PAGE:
On Thursday 2 March 2017 Glasnevin Trust and Trinity College Dublin presented the last in a series of lectures on ‘Ireland and the world after the Rising’. Kate O’Malley (RIA Documents on Irish Foreign Policy) presented a lecture entitled ”Women of the Irish Revolution and India: Maud Gonne, Charlotte Despard, Mollie Woods, and the struggle for Indian independence in the 1930s’. In the aftermath of the Easter Rising and the Irish Revolution, the Irish struggle for independence inevitably caught the eye of nationalists in other parts of the British Empire, most notably India. But this wasn’t one way traffic: just as Indian nationalists such as Gandhi, Nehru and Bose took an interest in Ireland, so nationalists in Ireland took an interest in India, and in the 1930s sought to forge links with those whom they felt might be following in their footsteps. This lecture will look at three revolutionary women, all friends, all veterans of the post-1916 independence struggle, and all of whom are buried here in Glasnevin: Maud Gonne MacBride, Charlotte Despard and, in particular, Mollie Woods. These women encouraged Indo-Irish collaboration in the hope that each side could learn from their respective experiences. They were agitators who attempted to add an aspect of global finesse to local nationalist politics and successfully established their own tailor-made organisation in the shape of the Indian Irish Independence League (IIIL). This lecture will shed light on some lesser known aspects of Irish and Indian history between the World Wars, and on the significance of the Irish revolution within the wider history of the British Empire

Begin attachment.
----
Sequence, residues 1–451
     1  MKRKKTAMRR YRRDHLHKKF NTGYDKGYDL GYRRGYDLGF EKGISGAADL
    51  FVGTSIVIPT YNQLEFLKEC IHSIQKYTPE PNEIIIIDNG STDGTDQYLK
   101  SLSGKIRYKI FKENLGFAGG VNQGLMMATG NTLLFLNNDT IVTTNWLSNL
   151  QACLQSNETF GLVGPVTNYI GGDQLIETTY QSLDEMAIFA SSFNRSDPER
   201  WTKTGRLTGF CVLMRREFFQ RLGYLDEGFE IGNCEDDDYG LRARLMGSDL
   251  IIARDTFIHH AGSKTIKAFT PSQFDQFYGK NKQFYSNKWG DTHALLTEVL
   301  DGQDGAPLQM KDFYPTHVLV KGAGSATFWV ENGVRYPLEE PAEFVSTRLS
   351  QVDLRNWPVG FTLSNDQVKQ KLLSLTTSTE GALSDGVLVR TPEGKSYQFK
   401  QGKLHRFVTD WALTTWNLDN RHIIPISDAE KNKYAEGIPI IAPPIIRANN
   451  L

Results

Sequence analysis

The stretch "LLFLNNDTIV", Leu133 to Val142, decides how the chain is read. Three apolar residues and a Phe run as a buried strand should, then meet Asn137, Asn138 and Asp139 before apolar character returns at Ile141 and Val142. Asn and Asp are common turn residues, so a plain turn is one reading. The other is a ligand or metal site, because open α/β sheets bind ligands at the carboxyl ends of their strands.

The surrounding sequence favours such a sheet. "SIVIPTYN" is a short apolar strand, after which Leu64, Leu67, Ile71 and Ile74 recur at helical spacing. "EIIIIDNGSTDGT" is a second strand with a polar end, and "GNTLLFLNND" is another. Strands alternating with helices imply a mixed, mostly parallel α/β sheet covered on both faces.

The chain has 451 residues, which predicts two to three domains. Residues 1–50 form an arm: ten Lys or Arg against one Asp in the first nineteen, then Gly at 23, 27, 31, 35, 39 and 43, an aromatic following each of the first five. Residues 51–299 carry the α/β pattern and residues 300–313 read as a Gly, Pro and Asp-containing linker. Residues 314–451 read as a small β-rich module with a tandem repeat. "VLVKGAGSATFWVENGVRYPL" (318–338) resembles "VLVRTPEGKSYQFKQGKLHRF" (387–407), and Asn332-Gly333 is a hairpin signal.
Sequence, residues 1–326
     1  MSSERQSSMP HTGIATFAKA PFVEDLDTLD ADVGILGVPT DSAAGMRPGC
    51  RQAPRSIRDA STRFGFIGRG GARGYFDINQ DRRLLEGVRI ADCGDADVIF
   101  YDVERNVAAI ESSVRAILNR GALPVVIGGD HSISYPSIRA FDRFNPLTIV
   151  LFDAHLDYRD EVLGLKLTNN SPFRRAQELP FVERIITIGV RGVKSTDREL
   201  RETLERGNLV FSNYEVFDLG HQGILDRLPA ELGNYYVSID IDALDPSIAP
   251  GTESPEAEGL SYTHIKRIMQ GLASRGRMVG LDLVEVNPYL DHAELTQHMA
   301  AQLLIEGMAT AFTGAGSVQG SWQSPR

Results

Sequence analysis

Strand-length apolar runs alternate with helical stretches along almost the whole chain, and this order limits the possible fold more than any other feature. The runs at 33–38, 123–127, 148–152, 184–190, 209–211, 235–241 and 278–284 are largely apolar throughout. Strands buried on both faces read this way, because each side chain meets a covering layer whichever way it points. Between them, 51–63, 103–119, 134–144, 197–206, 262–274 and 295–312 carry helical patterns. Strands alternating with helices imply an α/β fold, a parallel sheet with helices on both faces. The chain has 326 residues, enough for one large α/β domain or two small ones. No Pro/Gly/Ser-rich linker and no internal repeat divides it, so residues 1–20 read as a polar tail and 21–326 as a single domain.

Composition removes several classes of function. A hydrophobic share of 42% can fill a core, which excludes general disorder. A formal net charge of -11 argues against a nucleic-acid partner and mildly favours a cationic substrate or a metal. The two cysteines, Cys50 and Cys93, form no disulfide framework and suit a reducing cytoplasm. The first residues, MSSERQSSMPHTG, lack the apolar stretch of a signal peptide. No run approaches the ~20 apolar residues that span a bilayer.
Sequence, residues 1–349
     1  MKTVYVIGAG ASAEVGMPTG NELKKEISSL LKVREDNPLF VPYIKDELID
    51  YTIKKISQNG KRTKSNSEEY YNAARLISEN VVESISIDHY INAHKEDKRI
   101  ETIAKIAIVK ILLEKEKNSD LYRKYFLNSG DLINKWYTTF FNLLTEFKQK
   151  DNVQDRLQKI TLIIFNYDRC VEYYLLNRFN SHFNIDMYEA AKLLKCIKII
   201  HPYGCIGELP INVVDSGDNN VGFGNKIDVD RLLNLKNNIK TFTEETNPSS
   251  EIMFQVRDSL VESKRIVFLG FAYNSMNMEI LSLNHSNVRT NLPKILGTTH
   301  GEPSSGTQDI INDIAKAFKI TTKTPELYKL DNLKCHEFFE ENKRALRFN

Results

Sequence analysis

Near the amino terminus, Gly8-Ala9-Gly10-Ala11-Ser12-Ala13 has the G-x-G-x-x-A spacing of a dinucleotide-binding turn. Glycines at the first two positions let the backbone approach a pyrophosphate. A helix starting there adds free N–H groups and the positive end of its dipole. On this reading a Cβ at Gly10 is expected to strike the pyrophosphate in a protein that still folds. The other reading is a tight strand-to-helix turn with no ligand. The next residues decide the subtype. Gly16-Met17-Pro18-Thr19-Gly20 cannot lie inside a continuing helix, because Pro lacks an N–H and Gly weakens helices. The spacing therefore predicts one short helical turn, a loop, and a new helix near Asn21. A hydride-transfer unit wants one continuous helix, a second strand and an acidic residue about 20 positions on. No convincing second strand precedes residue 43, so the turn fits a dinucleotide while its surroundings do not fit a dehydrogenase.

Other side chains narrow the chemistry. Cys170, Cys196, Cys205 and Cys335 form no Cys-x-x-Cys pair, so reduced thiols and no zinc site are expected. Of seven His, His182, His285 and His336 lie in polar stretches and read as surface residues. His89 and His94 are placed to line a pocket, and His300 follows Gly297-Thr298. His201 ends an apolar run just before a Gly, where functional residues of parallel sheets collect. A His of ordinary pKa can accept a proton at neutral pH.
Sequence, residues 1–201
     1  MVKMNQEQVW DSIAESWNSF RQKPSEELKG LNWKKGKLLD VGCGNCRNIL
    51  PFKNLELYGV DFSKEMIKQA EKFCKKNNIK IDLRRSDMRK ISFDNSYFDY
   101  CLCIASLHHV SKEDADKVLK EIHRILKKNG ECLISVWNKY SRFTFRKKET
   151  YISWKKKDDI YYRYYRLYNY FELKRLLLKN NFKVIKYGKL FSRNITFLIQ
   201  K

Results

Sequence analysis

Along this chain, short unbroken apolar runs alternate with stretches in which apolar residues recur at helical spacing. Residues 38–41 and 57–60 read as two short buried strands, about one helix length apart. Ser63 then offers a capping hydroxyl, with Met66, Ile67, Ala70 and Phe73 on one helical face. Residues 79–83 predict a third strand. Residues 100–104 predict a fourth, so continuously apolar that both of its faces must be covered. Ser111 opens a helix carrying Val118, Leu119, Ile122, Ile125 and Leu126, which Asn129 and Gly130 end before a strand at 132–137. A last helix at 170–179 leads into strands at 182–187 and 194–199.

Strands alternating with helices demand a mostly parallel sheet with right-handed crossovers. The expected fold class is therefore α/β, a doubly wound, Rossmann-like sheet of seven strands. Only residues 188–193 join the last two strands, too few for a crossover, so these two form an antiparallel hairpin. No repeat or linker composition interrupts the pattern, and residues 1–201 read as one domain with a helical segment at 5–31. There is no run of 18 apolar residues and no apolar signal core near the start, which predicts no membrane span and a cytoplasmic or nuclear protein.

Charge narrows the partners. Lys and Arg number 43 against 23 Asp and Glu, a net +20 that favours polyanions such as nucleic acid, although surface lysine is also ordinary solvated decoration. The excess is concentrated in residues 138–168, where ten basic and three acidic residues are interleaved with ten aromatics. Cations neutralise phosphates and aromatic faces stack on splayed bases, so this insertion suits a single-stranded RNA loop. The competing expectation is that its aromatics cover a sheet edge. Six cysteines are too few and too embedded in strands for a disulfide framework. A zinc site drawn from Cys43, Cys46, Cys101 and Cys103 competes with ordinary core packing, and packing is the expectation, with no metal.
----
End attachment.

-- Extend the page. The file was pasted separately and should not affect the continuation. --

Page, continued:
The lecture took place at 7pm in Glasnevin Cemetery Museum, Finglas Road, Dublin 11.